A sobering picture emerged from the afternoon session of the Washington State Tree Fruit Association’s Annual Meeting on Monday as the industry faces surging costs of production and prices that don’t seem to keep up.
The fruit industry has some great times ahead … after it goes through some bad times, said Ken Ballard, vice president of Northwest Farm Credit Services.
“Let’s survive this down turn,” Ballard said.
The average cost to produce high-yield apples was about $139 per bin and $12,550 per acre in 2017, according to Ballard. That will rise to $14,206 and $158 per bin in 2021.
At those costs, Honeycrisp was the only variety to generate enough returns to cover costs in a 2019 apple enterprise budget drafted by Washington State University economist Karina Gallardo. Gallardo crunches numbers based on labor, chemicals and other inputs every few years to help growers estimate costs. She also included Gala, Granny Smith, Fuji and Cripps Pink.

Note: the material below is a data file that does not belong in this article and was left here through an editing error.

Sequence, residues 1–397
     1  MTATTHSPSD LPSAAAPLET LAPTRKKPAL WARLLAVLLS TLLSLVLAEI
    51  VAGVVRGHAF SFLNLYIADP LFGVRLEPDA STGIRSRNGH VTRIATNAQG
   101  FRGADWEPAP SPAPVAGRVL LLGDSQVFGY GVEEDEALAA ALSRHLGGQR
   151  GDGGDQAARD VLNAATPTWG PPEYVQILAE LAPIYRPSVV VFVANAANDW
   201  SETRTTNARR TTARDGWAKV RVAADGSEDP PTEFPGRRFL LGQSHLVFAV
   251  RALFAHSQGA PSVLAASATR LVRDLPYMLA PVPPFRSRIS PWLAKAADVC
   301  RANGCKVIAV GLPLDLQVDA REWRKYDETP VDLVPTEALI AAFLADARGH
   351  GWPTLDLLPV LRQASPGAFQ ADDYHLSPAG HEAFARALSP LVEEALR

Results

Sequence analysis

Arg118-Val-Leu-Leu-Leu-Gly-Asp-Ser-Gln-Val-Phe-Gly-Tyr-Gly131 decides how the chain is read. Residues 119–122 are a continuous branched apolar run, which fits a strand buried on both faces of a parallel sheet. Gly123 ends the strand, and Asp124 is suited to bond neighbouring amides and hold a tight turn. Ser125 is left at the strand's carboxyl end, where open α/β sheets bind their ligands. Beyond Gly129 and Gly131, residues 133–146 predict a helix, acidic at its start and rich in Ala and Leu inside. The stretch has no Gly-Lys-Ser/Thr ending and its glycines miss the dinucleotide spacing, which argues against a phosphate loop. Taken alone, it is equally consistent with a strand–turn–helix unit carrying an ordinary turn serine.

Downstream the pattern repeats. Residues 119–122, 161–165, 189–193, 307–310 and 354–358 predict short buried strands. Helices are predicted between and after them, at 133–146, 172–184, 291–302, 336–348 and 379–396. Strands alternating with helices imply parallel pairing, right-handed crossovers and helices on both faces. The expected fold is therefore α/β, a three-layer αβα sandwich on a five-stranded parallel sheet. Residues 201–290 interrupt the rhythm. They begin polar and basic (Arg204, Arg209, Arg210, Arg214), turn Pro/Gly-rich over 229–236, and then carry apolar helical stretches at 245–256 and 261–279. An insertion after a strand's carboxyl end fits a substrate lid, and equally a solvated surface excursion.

Other presentations were panel discussions on real-time labor management tools, navigating private equity and a numbers-heavy panel discussion on target costs and yields for a apples, cherries and pears. One of the questions involved replanting. For example, Travis Allan of Allan Bros. Fruit estimated a cost to replant a high-density apple orchard was $60,000 to $65,000 per acre.
“It’s a tough time for the industry,” Allan said.
—by Ross Courtney
Take a look at our story about the type of technology Durfey and Britton discussed: Working day to data in the orchard